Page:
Afro-American Images 1971: The Vision of Percy Ricks at the Delaware Art Museum (DelArt) honors the 50th anniversary of an exhibition that history once ignored. Comprising over 100 works of art from both nationally-known and regionally-celebrated artists, Afro-American Images 1971 represented the creation of a space for Black artists who were largely excluded from major artistic institutions.
The re-staging of Afro-American Images 1971 was made possible by a multi-year collaboration between the Delaware Art Museum and members of its community, signifying a crucial moment in the museum’s ongoing process of forming an inclusive artistic hub for the city of Wilmington, Delaware. The exhibition is co-presented by the artist collective Aesthetic Dynamics, Inc. and guided by a robust advisory committee of humanities scholars and community leaders.
This fall’s exhibition continues a series of major projects dedicated to researching and documenting Wilmington’s rich but largely under-documented historic contemporary art scene, led by DelArt’s Contemporary Art Curator Margaret Winslow. In 2015, the museum presented Dream Streets: Art in Wilmington, 1970–1990. In 2018, the Museum led a citywide effort to mark the 1968 uprisings and subsequent national guard occupation in Wilmington, commissioning Hank Willis Thomas’s contemporary artistic response Black Survival Guide, or How to Live Through a Police Riot. For a future exhibition, Winslow is now researching the Delaware art funded by the Federal Comprehensive Employment and Training Act (CETA), as the Museum’s commitment to honoring its city’s artistic legacy continues.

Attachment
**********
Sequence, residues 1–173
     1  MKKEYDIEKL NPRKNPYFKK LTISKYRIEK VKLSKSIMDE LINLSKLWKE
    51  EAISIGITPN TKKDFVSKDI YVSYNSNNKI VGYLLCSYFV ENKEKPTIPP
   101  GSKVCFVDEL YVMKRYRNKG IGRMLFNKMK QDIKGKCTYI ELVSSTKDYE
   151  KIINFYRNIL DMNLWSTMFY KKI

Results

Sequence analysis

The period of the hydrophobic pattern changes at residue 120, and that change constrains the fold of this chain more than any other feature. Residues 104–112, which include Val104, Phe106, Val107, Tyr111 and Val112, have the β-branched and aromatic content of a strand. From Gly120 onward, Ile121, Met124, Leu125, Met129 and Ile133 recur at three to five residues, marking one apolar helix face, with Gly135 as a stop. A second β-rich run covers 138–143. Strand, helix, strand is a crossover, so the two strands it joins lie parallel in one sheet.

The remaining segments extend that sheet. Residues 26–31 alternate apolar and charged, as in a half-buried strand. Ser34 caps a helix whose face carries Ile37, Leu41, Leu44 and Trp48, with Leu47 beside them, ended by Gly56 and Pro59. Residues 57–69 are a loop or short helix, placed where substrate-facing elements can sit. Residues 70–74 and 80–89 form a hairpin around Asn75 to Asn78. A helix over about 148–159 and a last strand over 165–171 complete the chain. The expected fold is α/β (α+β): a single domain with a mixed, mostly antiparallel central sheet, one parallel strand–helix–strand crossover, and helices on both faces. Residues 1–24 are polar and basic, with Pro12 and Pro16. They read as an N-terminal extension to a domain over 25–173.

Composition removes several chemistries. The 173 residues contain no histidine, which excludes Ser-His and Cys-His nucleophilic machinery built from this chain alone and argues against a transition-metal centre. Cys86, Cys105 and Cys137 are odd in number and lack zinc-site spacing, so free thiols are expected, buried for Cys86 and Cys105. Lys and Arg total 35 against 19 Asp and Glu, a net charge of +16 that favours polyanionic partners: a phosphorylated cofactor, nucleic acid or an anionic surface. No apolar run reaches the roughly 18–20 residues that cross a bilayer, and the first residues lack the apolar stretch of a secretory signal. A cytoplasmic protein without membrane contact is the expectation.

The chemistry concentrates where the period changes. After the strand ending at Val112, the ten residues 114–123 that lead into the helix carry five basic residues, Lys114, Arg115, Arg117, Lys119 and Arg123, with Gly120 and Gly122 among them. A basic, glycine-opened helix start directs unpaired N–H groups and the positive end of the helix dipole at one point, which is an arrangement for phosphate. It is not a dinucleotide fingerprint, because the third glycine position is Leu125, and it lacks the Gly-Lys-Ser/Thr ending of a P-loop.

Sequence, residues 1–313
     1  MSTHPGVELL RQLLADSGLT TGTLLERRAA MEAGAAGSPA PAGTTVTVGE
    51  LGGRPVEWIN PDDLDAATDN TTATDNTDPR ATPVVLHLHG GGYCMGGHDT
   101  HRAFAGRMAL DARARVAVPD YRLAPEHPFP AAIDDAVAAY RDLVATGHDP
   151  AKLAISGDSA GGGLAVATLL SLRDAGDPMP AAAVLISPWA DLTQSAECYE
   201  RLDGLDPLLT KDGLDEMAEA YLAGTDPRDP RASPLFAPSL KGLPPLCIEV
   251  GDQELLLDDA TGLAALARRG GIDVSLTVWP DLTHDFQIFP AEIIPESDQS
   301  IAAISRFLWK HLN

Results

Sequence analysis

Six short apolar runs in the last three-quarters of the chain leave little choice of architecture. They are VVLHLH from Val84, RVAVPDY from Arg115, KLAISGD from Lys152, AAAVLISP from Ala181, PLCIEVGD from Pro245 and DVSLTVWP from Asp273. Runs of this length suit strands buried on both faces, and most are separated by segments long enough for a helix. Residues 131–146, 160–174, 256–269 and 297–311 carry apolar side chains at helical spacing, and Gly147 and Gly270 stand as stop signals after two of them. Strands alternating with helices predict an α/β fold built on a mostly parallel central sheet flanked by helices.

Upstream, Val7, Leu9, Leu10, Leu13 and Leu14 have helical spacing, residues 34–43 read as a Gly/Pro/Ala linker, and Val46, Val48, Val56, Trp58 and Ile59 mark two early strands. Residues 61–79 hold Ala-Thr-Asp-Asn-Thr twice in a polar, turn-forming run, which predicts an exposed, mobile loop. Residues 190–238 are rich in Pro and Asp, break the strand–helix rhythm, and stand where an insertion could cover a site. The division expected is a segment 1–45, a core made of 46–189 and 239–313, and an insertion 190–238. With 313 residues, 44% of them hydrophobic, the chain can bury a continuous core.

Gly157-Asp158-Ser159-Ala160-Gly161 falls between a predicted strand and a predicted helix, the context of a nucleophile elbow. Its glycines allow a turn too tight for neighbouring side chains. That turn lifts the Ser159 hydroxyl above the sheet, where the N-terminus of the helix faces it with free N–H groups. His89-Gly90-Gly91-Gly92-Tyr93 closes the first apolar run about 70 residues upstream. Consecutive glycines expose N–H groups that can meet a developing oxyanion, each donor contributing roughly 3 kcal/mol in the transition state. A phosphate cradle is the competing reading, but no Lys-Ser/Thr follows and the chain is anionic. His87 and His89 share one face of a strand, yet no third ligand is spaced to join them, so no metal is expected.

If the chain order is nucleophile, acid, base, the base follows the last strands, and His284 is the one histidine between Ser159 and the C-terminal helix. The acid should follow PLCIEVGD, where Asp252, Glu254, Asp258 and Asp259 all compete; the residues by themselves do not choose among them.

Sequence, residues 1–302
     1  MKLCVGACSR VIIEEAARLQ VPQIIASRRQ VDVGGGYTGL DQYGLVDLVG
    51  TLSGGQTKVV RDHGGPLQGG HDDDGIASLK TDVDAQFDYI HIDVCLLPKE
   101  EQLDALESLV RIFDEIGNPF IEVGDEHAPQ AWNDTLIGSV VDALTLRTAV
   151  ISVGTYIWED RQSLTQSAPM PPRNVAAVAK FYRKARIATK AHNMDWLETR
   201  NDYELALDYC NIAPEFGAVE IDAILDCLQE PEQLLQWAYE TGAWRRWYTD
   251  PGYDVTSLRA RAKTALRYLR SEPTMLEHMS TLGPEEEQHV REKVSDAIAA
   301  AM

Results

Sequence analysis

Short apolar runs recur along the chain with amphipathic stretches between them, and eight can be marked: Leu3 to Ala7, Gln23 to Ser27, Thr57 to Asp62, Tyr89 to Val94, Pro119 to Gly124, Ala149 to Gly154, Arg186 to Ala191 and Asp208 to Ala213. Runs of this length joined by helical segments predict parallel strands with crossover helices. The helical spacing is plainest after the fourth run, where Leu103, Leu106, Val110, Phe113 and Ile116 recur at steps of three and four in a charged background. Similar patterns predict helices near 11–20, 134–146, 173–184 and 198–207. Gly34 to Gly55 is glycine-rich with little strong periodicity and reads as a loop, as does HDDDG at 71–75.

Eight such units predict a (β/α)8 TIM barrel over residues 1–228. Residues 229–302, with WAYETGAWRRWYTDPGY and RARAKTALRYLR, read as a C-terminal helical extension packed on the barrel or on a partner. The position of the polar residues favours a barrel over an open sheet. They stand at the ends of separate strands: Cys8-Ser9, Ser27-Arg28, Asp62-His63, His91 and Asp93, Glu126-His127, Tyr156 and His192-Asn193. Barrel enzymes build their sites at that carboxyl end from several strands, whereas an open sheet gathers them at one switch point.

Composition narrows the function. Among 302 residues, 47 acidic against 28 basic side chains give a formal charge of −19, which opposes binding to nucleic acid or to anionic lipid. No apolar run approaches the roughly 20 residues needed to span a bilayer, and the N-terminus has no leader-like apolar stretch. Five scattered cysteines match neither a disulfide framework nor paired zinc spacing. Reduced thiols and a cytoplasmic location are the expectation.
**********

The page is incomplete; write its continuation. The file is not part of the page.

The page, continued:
Learn more and plan your visit at delart.org.
Danielle Dean Wades Through Two Hollow Utopias
Every utopia is a social experiment, the artist suggests in this commission for the Performa performance art biennial, and we’re ultimately the guinea pigs.
Tschabalala Self Dramatizes the Struggle to See and Be Seen
“You can’t live in a house that’s built upon your back.” This is one of the more memorable phrases spoken by the scripted lovers of Tschabalala Self’s Sounding Board, what Performa describes in its promotional materials as an “experimental play.” That phrase, uttered by one romantic partner to the other, operates as guidance, warning, dictate,…
The Adolph & Esther Gottlieb Foundation is accepting applications for its Individual Support Grants until January 14, 2022.
A commitment to trans subjects, and their queer communities, is manifested as a holding environment made approachable by our concern, grounded in intimacy and legacy, enfolding any viewer who will stop, listen, and receive love.
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Two K-12 art teachers will each receive a $1,000 cash gift and an additional $500 to put toward classroom art supplies. Nominations are due October 31.
As a free, powerful, and unpredictable woman, the witch has long been a crucible for mainstream society’s darkest fears.
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From 1963 through 1968, Warhol produced nearly 650 films, including hundreds of Screen Tests and dozens of full-length movies.
Melvin Edwards, Maren Hassinger, and Alison Saar are among the artists kicking off the Destination Crenshaw initiative.
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